There Once was a Girl who Took a Fairy Tale Writing Class

The Neighbors

In a neighborhood across the valley, there was once an old widower and his young daughter. At night, when she had finished washing dishes and put away her schoolbooks and he had finished his nightcap and cigarette, she knelt on the floor and rubbed his feet. He fell asleep in his recliner this way every night.

He had been a widower for five years when the new neighbors moved into the house with the pool. The kitchen window and his bedroom window overlooked the empty pool and house. From these windows, he watched three young women with long, unkempt hair unload furniture and unpack boxes. They filled the pool so that it was restored to its cerulean stillness once more.

He observed from his kitchen window the odd hours they kept and the men who entered and left the house long after the time that was practical for gentleman callers to stay. They must have been actresses. He observed from his bedroom window the women wandering through their home in their bras and panties and sometimes nothing at all. They must have been harlots, or beatniks.

“Never even closing their curtains,” he muttered to himself one night as he zipped his pants back up and walked to the kitchen to see what was for dinner.

One August night, the daughter hovered over the oven and sweated into the meatloaf. She looked out the window and saw the three women—the blonde, the brunette, and the redhead—remove their clothing and slip silently into the pool. As she watched them, she longed to feel the cool water against her skin. Even if it were just a drop, she knew it would refresh her.

From inside his bedroom, the father too watched the naked women as they splashed and dived and laughed like heathens. The pool was shaded by a tall fence and overgrown trees, but the moon provided enough light for him to make out the forms of their bodies. He could see the wet hair clinging to their shoulders and their nipples puckering as if for a kiss. Then he noticed that below their tanned stomachs, they no longer had the long legs he had seen them shaving on their bathroom sink, but something darker, something rough, like a fin.

He was startled by his discovery, but more so by the discovery that his daughter had crossed the back lawn and climbed over the fence into the neighbors’ yard.

She had just pulled the meatloaf out of the oven when she heard them calling to her. She untied her apron and opened the window, but only a crack.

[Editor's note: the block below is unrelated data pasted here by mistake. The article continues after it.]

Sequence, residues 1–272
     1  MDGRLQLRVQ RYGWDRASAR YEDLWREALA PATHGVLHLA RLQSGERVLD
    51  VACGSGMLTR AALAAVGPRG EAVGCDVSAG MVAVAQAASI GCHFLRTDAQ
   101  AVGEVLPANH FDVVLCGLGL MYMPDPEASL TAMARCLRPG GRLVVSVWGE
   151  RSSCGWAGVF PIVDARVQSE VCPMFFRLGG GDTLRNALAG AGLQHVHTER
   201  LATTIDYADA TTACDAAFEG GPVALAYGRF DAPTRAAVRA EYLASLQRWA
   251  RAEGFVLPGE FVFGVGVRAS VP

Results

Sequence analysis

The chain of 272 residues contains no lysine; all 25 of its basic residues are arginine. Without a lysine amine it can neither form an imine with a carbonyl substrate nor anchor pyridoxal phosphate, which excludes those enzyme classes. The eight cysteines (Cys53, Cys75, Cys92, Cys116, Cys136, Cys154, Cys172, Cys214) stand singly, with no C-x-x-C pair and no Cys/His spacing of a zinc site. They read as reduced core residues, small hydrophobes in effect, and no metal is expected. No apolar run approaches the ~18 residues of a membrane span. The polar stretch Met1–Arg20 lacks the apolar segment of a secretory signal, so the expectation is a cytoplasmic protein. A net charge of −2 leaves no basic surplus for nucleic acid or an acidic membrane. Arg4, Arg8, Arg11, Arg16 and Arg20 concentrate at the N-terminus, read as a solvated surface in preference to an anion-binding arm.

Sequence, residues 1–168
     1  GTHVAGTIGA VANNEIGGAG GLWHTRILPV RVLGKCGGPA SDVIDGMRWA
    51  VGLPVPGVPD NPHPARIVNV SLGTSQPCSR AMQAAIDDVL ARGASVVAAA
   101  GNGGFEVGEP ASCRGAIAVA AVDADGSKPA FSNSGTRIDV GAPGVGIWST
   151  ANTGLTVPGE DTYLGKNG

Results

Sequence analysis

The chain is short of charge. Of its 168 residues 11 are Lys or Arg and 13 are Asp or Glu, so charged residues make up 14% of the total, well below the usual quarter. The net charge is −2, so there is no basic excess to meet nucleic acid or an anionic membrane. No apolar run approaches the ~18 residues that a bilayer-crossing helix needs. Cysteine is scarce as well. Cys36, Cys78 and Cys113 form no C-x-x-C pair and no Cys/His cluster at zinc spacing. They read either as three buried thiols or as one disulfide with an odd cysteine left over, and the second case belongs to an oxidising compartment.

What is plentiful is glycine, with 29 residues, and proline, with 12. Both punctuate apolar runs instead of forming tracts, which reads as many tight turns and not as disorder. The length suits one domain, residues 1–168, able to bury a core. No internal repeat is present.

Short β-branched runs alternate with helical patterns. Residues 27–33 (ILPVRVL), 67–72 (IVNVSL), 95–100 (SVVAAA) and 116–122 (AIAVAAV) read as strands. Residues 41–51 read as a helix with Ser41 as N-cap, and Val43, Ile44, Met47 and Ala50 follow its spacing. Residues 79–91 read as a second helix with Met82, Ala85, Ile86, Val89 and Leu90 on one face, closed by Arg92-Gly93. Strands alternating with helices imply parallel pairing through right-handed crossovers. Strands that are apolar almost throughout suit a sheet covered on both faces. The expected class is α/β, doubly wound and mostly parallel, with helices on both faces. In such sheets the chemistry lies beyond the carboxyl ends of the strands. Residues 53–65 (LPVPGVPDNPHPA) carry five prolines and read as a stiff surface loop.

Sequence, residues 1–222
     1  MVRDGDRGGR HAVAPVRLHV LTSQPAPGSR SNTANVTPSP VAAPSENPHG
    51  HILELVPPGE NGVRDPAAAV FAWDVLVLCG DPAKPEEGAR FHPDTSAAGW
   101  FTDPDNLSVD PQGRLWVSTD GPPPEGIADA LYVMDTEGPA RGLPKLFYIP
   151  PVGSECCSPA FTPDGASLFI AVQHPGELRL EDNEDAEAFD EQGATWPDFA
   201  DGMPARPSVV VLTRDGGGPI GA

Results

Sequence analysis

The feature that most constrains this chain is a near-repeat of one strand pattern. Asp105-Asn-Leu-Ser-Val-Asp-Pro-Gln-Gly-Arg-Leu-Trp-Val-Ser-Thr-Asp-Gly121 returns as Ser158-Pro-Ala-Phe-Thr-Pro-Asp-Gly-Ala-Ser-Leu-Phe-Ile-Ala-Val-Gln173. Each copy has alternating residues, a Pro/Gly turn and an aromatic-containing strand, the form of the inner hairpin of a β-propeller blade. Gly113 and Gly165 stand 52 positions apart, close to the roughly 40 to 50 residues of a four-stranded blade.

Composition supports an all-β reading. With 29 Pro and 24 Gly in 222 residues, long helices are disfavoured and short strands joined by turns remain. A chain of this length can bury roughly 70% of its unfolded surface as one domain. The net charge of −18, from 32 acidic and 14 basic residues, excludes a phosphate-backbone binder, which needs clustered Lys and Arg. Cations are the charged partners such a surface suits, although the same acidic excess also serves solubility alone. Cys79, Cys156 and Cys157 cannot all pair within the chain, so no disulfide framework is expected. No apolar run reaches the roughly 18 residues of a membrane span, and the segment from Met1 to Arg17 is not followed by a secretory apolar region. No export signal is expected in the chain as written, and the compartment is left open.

“Come and join us,” the brunette called from the edge of the pool. “The water feels great.”

She had barely dipped her feet in when her father–who had stormed out of his bedroom, broken the serving platter, and spilled the entire meatloaf on the ground–opened the back door and yelled for her return.

He stood over her as she scrubbed the kitchen floor, and when she had finished, he removed his brown leather belt and lashed her back until it turned purple. In the privacy of her bedroom she cried over her wounds and picked at the moss like green that had covered her feet.

From then on, at night when her father slept, she slipped into the backyard and spoke to the neighbors through the fence. She crouched beside a rhododendron bush so as the hide herself from the moon’s luminescence and her father’s midnight watch.

“Summer’s almost over. You mustn’t miss another swim,” the redhead warned.

“What can I do? Father won’t let me leave the yard. If he wakes and finds me in the pool, he’ll have my life.”

“We’ll have to kill him,” the redhead suggested.

“How would you do that?” The daughter asked.

“We could poison him,” said the brunette.

The blonde smiled. “Yes, we’ll invite him here tomorrow evening and we’ll poison him.”

The daughter ran home to bed, the weight of the secret like a stone in her stomach.

The following evening she roasted a chicken and smiled throughout the whole meal. She said she felt tired and went to bed early. From her bedroom window, she could hear the neighbors calling to her father.

“Come join us for a drink,” they cooed.

He put on his best shirt and tie and met them in the backyard. They spun Sinatra on the record player and danced lazily across the yard. The father stared at their nakedness but said nothing.

“Have another martini, won’t you?” The blonde thrust it towards him.

He drank it in a gulp and walked towards the three, standing in a row on the edge of the pool. He reached his arms out for them and stumbled forward. They moved out of the way in time to miss getting knocked into the water. He fell face first into the pool. They laughed and jumped in.

The daughter waited at the edge of her yard. She saw her father facedown in the water and the women swimming circles around him.

They beckoned her. “Come join us in the pool.”

She entered the yard slowly, took off her dress and folded it neatly on the ground. She slipped into the pool, one leg and then the next. As her skin submerged under the water, blue and green scales prickled across her legs like goosebumps. She dipped her head underwater and discovered she no longer needed to come up to the surface to breathe. The other three joined her in the deep end. They swam all night, careful to avoid the father’s body floating in the shallow end. His body bloated, like a dead fish.

  1. i love this one you should write a whole book of evil fairytales i’d totally read it!

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